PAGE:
The medic from Janowa – Moshe Chaim Visznia – no one in town knew his name, and no one ever called him by his right name – in the First World War he became a resident of Pultusk.

In town, he was a “total” doctor. He wrote prescriptions, actually made correct diagnoses, and in the pharmacies, they accepted his written cures as if from a licensed doctor. Where he learned the field of medicine, only one God in heaven knew. In Janowa, they say, other than a medic, he was also a teacher and even a watchmaker.

With time, his reputation as a good healer spread even into the Christian courts, and among the actual Christian doctors themselves.

The city knew to tell of his successes during those “German” times of the epidemics, how he healed the sick crowds of people so they did not have to be hospitalized according to the German requirements of that time, since the trip back home from the hospital was very unsure.

This is a story they tell. There was a certain priest in Janowa, a great hater of Jews, and he took pleasure in rousing the Christian residents against the Jews. Imagine what kind of trickery [trouble] he used to cause. The initiative to create a “Spoldzielnia” (cooperative) against the Jewish merchants – was also one of his anti-Semitic games.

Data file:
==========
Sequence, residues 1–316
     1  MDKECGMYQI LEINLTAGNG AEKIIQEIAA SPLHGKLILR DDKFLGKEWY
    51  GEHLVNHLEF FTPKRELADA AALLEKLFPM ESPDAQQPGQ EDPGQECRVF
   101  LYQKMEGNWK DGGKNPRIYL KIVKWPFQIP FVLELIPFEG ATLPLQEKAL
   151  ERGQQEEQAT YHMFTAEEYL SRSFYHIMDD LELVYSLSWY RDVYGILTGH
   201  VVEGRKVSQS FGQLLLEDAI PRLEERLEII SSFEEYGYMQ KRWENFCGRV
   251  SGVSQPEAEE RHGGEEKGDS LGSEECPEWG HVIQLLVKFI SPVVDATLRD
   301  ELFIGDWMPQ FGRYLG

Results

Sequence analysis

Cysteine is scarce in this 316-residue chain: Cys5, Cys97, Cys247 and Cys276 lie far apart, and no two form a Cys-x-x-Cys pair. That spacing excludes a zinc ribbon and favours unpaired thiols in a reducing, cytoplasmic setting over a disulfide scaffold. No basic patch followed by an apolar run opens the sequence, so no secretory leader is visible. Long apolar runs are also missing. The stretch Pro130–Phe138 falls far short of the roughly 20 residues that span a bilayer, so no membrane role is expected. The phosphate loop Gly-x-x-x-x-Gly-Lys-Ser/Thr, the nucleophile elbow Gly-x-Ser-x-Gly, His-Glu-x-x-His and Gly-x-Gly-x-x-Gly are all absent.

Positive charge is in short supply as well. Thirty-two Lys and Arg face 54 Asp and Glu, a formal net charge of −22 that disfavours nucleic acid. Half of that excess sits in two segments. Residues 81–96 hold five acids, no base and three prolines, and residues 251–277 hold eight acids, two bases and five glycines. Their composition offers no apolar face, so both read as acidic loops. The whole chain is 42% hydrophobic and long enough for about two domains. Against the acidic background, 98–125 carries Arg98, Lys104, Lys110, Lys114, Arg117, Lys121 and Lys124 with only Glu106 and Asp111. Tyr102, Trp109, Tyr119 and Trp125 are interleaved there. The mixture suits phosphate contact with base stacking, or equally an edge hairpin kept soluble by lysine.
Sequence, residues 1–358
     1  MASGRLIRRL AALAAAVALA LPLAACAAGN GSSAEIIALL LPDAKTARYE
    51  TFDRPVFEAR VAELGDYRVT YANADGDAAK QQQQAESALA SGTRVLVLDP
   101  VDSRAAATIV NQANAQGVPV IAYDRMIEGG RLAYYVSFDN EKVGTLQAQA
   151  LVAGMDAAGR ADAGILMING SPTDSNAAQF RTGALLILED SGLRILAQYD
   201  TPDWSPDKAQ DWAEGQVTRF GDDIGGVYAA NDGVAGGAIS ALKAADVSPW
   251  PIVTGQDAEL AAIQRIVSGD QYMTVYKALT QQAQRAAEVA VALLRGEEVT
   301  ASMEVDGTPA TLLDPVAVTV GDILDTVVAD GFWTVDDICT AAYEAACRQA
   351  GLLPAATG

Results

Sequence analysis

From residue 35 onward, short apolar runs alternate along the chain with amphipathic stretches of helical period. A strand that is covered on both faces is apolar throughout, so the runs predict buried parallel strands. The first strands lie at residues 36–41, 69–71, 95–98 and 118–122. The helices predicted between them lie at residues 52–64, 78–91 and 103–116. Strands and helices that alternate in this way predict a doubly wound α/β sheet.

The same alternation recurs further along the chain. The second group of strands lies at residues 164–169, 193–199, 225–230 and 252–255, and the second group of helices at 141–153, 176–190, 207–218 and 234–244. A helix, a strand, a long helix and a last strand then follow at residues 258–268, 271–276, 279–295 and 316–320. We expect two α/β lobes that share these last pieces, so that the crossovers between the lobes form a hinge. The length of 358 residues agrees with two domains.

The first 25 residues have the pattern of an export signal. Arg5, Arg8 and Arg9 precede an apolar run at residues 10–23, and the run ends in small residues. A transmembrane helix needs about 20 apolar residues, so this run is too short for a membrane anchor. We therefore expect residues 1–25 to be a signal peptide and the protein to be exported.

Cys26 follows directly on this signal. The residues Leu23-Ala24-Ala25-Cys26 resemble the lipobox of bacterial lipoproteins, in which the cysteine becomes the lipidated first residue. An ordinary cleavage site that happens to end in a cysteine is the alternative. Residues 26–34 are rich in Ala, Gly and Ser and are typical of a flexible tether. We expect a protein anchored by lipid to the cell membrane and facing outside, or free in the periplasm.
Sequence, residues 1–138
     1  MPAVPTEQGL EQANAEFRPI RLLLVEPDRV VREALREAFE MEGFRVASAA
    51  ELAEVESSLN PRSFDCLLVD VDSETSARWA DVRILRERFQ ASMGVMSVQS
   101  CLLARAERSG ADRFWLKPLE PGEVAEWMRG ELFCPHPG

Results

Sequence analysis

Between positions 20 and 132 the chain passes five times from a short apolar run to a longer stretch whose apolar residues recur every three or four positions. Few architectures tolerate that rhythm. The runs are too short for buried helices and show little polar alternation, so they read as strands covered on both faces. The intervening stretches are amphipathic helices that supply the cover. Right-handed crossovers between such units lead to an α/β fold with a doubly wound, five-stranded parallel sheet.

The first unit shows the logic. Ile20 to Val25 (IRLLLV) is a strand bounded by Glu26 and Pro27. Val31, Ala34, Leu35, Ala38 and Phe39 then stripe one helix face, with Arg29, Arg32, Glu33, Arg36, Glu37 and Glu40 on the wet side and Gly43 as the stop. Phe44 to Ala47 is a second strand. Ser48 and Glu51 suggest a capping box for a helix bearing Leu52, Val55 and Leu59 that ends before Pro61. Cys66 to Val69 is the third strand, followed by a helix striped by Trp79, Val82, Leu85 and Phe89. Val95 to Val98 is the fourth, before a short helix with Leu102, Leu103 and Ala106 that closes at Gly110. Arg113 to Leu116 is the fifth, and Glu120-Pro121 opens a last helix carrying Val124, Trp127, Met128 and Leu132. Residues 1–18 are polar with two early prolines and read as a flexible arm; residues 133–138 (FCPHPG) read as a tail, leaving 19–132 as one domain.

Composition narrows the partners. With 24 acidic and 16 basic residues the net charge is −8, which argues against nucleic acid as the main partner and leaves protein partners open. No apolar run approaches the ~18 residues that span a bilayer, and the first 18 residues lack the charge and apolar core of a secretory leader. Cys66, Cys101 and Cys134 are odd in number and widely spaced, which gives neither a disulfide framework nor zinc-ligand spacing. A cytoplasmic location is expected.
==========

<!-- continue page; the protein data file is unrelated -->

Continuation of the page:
He suddenly became sick with a difficult illness and no doctor was able to help him, until one of the Christian doctors advised him to go see the medic from Janowa. Without any other option, he gathered his courage and the medic from Janowa actually cured him…

From that time on, the priest threw off his anti-Semitic nonsense and repented, becoming a new believer. From then on the priest defended the Jews and protected them from any anti-Semitic incidents.

This is what happened to the evil priest – a good angel.

(According to Sh. Blenkitni)

Performed in “Pultuskish

There was a Jew in Pultusk, who evidently was not called by his real name, and was a person of comfortable earnings, but appeared to be a pauper, as stingy as possible, and always eager to have the other person's things.